The sharp drop is the result of several factors: a yield lower than normal for 2020, devastating wildfires that have swept across the state, damaging vines and spoiling fruit, and a pandemic that has caused consumers to buy cheaper wine.
Overall, we think the harvest will be about 10-15% lower (before the fires), says Jeff Bitter, president of Union Vineyards. But the account of the scattering is really a reflection of what happened because of the fires and smoke that occurred almost exclusively on the coast.
The report’s data shows that the major coastal varieties were hardest hit, especially in Napa and Sonoma counties, which were heavily impacted by two separate fires – the LNU Lightning Complex and the Glass Fire – during the harvest season.
We estimate that, even before the report, between 240 000 and 325 000 tonnes of grapes were not harvested because of the smoke. – Jeff Bitter, Allied Grape Producers…
Compared to 2019, Napa had 39% fewer bruised grapes overall. Cabernet Sauvignon, the main red grape variety in the county, was down 43%, while Zinfandel was down 47%, Merlot was down 42% and Chardonnay was down 35%.
Sonoma County crushed 36% fewer grapes in 2020. The most widely planted red variety, Pinot Noir, is down 38%, while the most important white variety, Chardonnay, is down 44%.
In 2020, 39% and 36% fewer grapes were crushed in Napa and Sonoma, respectively, than the previous year / Getty.
According to Bitter, the drops not only indicate that the fruit is damaged, but also that shoppers are rejecting potentially smoke-damaged products. We estimate that even before the report was released, between 240,000 and 325,000 tons of grapes had not been harvested as a result of the smoke, he says, noting that some growers may also have not harvested grapes for insurance reasons.
Despite the shortage of high quality coastal fruits, California grape prices have also fallen significantly. Nationally, Cabernet dropped from $1,767 to $1,231 (-30.4%), Pinot Noir from $1,880 to $1,208 (-35.8%) and Chardonnay from $939 to $828 (-11.8%).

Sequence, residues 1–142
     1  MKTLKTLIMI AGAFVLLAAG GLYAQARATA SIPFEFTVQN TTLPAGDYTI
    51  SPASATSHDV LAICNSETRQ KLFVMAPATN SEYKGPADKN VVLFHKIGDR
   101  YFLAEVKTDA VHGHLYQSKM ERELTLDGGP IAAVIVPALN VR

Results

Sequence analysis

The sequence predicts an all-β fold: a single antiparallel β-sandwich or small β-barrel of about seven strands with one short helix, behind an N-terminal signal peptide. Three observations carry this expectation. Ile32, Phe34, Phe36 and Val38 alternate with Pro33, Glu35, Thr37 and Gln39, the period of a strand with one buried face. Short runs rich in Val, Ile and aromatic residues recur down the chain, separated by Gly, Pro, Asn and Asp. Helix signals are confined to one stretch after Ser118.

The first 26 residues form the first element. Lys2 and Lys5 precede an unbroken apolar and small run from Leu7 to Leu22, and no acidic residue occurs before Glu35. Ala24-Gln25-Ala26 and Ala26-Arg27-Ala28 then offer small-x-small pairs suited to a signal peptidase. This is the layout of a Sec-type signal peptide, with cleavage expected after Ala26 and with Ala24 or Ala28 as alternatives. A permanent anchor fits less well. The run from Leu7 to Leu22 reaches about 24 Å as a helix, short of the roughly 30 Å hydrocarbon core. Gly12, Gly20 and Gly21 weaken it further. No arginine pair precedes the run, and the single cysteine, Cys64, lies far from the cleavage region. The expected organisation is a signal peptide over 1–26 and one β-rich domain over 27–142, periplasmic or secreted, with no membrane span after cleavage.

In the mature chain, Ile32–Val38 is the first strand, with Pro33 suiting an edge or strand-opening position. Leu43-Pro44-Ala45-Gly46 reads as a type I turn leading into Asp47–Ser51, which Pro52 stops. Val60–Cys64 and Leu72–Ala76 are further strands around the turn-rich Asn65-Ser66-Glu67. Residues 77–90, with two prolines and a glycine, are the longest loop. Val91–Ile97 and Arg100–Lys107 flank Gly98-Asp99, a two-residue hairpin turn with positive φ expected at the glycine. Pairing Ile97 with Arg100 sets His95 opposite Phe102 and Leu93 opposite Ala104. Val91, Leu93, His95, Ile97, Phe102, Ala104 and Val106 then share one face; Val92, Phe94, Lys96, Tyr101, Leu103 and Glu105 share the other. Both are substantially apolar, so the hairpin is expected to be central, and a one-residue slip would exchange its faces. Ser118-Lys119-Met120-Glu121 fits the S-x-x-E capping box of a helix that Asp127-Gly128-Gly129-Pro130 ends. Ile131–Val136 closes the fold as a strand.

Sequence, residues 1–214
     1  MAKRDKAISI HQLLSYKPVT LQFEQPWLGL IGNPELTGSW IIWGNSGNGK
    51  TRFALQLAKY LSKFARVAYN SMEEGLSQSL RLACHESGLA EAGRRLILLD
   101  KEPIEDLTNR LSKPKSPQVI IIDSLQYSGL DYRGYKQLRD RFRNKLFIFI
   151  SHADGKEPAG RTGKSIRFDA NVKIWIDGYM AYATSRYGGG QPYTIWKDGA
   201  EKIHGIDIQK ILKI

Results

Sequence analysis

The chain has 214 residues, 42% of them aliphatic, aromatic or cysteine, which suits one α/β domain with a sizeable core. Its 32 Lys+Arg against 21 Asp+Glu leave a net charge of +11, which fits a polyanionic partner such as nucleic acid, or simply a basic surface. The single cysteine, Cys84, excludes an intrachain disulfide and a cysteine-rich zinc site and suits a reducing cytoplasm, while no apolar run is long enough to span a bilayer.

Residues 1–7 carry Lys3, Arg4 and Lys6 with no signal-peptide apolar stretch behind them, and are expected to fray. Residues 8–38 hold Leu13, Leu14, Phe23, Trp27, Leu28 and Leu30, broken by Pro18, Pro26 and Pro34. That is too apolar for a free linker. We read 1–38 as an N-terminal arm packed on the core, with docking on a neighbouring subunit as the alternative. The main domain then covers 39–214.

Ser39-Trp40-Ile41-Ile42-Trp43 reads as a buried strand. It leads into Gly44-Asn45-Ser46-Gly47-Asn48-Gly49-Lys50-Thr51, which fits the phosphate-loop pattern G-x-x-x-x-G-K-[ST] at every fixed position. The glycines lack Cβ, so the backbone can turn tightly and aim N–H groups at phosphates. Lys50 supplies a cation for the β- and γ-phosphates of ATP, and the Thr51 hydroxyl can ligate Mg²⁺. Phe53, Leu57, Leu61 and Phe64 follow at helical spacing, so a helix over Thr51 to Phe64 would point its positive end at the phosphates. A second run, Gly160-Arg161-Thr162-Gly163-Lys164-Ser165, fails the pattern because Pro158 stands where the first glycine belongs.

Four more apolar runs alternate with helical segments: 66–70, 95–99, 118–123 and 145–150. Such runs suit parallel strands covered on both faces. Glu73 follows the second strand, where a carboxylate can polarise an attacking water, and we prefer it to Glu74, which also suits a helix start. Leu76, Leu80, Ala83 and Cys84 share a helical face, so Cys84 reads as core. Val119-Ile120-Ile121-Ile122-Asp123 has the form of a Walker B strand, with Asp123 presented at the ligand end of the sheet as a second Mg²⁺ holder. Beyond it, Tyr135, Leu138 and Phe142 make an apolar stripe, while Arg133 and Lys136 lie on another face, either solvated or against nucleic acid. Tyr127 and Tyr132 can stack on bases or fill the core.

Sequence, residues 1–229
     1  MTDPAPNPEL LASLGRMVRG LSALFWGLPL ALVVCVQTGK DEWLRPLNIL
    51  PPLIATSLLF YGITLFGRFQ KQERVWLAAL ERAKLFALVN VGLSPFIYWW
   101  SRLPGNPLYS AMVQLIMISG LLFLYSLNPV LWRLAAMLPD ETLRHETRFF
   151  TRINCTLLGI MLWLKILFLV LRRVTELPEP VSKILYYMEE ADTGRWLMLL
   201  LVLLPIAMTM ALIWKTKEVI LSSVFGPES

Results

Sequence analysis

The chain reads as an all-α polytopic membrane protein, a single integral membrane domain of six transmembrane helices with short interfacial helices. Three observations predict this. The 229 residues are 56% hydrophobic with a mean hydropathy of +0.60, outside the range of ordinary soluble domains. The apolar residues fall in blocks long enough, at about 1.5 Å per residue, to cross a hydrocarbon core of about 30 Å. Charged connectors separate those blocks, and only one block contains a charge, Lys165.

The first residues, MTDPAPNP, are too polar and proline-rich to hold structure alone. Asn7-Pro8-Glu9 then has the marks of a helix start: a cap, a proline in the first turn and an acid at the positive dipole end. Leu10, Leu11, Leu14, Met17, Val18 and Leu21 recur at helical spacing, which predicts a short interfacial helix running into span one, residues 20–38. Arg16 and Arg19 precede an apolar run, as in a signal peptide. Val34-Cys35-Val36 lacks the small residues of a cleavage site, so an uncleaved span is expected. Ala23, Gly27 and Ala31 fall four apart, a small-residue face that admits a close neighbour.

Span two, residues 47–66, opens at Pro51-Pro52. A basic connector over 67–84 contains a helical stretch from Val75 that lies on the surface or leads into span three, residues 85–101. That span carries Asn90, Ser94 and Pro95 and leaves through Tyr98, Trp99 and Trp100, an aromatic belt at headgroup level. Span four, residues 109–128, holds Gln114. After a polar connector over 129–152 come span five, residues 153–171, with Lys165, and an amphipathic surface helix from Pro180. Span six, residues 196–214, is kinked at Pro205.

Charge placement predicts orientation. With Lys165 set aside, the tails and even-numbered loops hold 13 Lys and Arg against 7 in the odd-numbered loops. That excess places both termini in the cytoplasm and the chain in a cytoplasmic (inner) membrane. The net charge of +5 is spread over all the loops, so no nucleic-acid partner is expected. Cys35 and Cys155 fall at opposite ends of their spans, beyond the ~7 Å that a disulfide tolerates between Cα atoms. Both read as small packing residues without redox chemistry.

That’s one of the biggest questions in the Crush Report, and it’s really hard to say what the answer is, given all the challenges of the past year, says Glenn Proctor, partner at Ciatti Global Grape and Wine Brokerage.
Proctor wonders if buyers who normally pay a high price for North Coast fruit have renegotiated because of the uncertainty over smoke stains. In addition, the great 2018 harvest has kept 105,000 tons on the vine in 2019, he says. Although there was a shortage of grapes in California in 2020, there was no need to buy replacement fruit – many growers still have old vintages in tanks or barrels.
Another issue that will affect the year’s performance? The human element.
The pandemic has changed the requirements. Consumers have started trading stocks, but they’re buying more, says Audra Cooper, partner and broker at Turrentine Brokerage. She calls the current state of California’s grape and wholesale market a transition market.
This change in buying habits has made it possible to sell older wines that were on sale in all varieties and regions on the wholesale market, albeit at lower prices than in the past when the trend was toward premiumization, she says.
There’s a problem for wineries that sell primarily through restaurants and are trying to sell their products at retail, says Steve Fredricks, president of Turrentine Brokerage.
The wine producers who have this capacity are now reorienting their production and including regional or even national brands or private labels in their portfolios, which are sold at consumer-friendly prices.
It remains to be seen whether the trend in wine prices will continue or whether demand will shift toward premiumization.
It’s hard to make such a prediction, Bitter said. One thing is certain: 2020 is not a year in which we can focus on anything.